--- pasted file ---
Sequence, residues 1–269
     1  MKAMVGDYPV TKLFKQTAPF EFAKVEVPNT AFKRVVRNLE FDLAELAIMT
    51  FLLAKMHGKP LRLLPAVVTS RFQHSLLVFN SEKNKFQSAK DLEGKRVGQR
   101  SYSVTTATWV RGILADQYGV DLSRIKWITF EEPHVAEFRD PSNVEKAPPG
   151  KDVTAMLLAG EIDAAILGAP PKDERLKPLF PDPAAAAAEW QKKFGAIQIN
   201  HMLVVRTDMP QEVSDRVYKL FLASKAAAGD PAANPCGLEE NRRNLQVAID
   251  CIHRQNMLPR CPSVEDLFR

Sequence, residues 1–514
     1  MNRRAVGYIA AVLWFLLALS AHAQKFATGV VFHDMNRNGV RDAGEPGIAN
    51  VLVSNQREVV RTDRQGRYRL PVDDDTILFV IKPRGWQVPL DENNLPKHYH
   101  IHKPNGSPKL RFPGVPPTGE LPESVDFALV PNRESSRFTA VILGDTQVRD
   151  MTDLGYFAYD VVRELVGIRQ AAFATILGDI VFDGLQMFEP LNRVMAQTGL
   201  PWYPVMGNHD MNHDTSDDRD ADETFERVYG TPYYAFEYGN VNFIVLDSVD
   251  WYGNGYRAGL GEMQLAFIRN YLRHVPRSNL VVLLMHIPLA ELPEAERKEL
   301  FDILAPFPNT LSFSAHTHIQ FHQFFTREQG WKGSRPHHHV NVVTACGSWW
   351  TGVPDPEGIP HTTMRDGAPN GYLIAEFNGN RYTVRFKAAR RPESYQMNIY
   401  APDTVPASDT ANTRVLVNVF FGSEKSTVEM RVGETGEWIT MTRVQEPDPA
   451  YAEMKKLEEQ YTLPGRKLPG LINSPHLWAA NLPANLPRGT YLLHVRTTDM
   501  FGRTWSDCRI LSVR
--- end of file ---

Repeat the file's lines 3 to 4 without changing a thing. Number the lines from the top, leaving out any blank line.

    51  FLLAKMHGKP LRLLPAVVTS RFQHSLLVFN SEKNKFQSAK DLEGKRVGQR
   101  SYSVTTATWV RGILADQYGV DLSRIKWITF EEPHVAEFRD PSNVEKAPPG